Money Is Piling Up For America's Family Dynasties

A new study warns of rapidly growing fortunes being concentrated in fewer hands that have never known hard work.

The wealth of America’s 50 richest family dynasties has soared at 10 times the rate of typical U.S. families over the last four decades, according to a new study that warns of the increasing concentration of riches.

The report from the Institute for Policy Studies, a progressive think tank, found that the collective wealth of the richest 27 families on the Forbes billion-dollar dynasties list and Forbes 400 list grew by 1,007% from 1983 to last year, from $80.2 billion to $903.2 billion in inflation-adjusted dollars. Wealth grew less than one-tenth of that — just 93% — for the typical American family.

The five wealthiest family dynasties — the Waltons, Kochs, Marses, Cargill-MacMillans and Lauders — saw their wealth soar 2,484% since 1983, noted the study, “Silver Spoon Oligarchs: How America’s 50 Largest Inherited-Wealth Dynasties Accelerate Inequality.”

The 50 wealthiest U.S. clans were worth a total of $1.2 trillion at the end of last year. The 65 million families at the bottom economic half of all households shared a combined total of just $2.5 trillion.

The study noted that wealth among America’s richest family dynasties ends up vastly rewarding family members who had nothing to do with earning the fortune, defying the defense that riches are an incentive for hard work and innovation. Instead, the riches are plowed into protections for family wealth, providing fewer benefits for society.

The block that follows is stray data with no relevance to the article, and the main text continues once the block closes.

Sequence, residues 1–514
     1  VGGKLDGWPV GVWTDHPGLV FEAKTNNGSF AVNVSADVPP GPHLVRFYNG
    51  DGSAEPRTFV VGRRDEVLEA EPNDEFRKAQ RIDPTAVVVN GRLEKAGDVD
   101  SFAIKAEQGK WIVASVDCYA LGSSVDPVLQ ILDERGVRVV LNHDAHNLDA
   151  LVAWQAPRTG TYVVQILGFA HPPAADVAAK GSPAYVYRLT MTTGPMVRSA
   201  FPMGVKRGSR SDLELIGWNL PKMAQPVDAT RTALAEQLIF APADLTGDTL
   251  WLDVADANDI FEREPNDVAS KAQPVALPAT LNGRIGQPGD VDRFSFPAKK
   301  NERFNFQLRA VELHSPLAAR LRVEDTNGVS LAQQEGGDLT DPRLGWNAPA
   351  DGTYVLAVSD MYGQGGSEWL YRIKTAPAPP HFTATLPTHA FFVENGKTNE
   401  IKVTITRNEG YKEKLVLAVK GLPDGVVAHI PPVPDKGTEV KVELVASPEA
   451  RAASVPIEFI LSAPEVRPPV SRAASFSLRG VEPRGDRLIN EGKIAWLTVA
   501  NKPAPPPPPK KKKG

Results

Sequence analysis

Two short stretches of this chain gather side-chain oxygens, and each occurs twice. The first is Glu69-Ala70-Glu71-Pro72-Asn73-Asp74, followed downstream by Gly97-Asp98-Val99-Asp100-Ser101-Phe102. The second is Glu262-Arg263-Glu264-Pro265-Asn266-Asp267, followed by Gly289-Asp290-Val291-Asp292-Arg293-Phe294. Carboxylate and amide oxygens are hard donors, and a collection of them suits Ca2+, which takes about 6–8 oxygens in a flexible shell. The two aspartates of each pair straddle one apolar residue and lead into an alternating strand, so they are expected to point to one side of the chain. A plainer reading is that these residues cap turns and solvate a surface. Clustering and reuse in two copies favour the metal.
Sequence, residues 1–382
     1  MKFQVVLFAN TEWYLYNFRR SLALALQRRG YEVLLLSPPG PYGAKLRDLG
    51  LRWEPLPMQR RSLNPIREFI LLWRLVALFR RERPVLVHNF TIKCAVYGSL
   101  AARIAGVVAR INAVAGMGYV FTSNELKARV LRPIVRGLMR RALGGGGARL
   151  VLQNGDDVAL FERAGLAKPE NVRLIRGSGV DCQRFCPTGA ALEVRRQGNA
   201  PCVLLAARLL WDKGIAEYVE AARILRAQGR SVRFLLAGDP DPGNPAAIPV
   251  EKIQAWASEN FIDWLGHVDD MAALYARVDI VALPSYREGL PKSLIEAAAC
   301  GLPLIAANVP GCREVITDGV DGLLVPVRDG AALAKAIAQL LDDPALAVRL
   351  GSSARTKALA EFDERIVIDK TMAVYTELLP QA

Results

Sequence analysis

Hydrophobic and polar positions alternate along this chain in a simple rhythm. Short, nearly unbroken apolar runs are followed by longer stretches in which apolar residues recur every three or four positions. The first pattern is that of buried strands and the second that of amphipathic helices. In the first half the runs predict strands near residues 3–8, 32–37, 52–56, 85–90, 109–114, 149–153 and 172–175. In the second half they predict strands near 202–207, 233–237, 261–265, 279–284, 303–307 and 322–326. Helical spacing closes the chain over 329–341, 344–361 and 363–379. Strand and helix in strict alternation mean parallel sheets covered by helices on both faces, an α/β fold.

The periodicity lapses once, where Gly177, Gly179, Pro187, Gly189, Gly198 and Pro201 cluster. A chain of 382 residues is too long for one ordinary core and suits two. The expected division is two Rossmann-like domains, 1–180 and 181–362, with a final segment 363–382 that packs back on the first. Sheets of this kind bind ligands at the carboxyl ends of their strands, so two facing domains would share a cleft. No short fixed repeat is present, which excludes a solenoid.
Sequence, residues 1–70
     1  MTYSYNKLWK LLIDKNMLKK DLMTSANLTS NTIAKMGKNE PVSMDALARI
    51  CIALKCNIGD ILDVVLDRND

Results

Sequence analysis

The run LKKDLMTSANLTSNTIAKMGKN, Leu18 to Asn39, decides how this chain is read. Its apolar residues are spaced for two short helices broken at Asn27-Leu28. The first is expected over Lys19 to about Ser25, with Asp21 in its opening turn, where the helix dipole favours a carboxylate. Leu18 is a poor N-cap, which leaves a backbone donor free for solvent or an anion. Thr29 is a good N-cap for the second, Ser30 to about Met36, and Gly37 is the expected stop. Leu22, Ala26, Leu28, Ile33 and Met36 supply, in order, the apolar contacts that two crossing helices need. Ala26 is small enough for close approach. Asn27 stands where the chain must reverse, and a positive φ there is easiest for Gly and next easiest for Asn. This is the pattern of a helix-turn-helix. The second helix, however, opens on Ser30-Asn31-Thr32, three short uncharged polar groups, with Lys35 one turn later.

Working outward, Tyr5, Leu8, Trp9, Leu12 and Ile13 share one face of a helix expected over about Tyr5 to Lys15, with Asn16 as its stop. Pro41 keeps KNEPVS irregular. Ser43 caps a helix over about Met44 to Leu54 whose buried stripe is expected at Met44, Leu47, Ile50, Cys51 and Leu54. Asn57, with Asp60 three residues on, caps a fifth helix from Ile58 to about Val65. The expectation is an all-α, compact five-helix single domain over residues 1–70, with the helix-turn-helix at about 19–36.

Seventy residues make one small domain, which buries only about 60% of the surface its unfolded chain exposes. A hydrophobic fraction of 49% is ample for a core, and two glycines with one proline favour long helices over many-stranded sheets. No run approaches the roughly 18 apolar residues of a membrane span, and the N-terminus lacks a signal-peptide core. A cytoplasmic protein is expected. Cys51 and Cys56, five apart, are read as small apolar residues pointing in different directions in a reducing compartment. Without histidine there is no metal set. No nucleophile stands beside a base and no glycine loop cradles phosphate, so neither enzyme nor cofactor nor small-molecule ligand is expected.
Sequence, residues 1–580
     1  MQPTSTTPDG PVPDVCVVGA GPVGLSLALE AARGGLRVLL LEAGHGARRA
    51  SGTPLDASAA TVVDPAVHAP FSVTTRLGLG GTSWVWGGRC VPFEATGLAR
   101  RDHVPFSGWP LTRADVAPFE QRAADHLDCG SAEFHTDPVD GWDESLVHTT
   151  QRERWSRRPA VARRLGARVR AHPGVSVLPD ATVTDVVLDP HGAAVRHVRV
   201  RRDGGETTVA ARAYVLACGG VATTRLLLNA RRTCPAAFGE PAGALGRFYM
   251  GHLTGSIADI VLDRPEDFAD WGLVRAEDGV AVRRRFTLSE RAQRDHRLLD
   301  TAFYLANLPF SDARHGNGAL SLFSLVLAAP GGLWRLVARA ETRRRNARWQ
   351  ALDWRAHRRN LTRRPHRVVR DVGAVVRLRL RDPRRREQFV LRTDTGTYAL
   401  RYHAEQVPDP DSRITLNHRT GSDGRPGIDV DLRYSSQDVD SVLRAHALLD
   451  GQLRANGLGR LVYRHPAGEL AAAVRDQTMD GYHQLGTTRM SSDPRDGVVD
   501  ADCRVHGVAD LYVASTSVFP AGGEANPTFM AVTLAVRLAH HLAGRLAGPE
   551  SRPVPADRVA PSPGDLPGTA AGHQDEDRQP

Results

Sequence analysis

“In healthy, equitable democratic societies, great fortunes dissipate over a few generations as initial wealth holders have children and grandchildren, pay their fair share of taxes, and make charitable gifts,” the report says.

“But our country’s wealth is accumulating in fewer hands, including among people who may be up to seven generations removed from the original source of their family’s wealth. At a certain stage, some of these wealth holders — or their descendants — shift resources to consolidate their wealth, fend off competition, and create monopolies.”

Even the coronavirus pandemic has been a boon for some of the richest families. As ordinary families struggled with job loss, plunging income and increased health costs, the top 10 families on the Forbes dynasty list basked in a median growth in their net worth of 25%.

In the first two months of the pandemic, the total net worth of more than 600 billionaires in the U.S. grew by 15%, or $434 billion, according to a report last year by the Institute for Policy Studies. In 2018, the wealth gap between the rich and everyone else was the widest ever since the census began tracking it a half-century ago.

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